A cartoon of his face, showing him looking off into the distance like a superhero, hangs on a gallery wall in Scholastic headquarters, near portraits of Harry Potter and Clifford. Ms. Lucchese said that when the office was redesigned a few years ago, Mr. Robinson hadn’t wanted any pictures of himself displayed but Ms. Lucchese said she sneaked that one in.

Mr. Robinson made it no secret that he wished Scholastic to remain an independent company, even as consolidation within the publishing business sped up around him. Penguin Random House, itself the product of a 2013 merger, is in the process of trying to buy Simon & Schuster. If approved by federal regulators, that deal would create a colossus far larger than any other publisher in the country.

But the remaining large houses will want to bulk up to compete, especially by acquiring rich “backlists,” catalogs of older titles that are reliable, long-term money makers — which is sure to make Scholastic an attractive target.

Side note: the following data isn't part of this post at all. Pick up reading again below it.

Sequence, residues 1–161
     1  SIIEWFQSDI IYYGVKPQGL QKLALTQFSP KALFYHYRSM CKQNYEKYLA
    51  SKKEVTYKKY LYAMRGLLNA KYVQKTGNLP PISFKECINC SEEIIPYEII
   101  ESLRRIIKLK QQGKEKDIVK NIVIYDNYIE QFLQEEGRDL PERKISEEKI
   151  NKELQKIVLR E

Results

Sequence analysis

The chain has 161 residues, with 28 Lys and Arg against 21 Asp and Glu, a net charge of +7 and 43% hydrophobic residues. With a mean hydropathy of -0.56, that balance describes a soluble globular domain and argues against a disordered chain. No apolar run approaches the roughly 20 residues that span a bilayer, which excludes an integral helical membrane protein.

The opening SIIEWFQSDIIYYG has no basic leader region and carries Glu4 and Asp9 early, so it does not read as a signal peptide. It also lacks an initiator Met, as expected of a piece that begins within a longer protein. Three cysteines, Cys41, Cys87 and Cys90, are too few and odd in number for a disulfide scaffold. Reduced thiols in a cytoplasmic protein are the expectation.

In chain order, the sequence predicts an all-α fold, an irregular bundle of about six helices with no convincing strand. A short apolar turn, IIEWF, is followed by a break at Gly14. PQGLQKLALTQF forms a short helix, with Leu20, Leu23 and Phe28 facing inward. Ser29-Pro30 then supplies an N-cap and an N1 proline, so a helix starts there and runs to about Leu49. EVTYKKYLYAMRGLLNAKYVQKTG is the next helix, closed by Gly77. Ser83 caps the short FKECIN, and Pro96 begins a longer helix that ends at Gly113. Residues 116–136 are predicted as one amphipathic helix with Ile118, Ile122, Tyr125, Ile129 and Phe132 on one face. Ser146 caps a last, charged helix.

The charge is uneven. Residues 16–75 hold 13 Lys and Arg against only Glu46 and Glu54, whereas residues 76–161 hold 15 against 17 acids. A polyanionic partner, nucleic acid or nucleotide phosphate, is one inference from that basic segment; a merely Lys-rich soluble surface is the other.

The company’s new leadership team appears to share what was perhaps Mr. Robinson’s most precious goal: Ms. Lucchese and Mr. Warwick expressed no interest in selling.

“We’ve got the resources ourselves to go forward at the pace that we want to go,” Mr. Warwick said.

Given Mr. Robinson’s devotion to Scholastic, it was fitting that his memorial service was held there last month. A virtual event with just a few people in attendance, it included a video eulogy delivered by his son Reece. “We will cherish the memories of the holidays and weekends we spent with him during Covid when he wasn’t working 12-hour days,” Reece Robinson said of his family’s relationship with his father.

The service had all the star power of a Hollywood collaboration, with video messages from Goldie Hawn, Bill Clinton and J.K. Rowling punctuating remarks from former employees and board members. The final speaker, Alec Baldwin, described the friendship he had developed with Mr. Robinson as neighbors in a downtown apartment building and expressed his condolences to Mr. Robinson’s family, the Scholastic community and Ms. Lucchese. He was the only speaker who mentioned her name.

Mr. Wallack, the portfolio manager for the company’s second-largest shareholder, had twice contacted investor relations at Scholastic to request information about Mr. Robinson’s funeral, he said. But no one alerted him to the memorial service, he said. “I was hopeful to have been invited to that,” he said, or at least sent a link. (In response, a company spokeswoman said the event was publicized on social media and the company’s website.)

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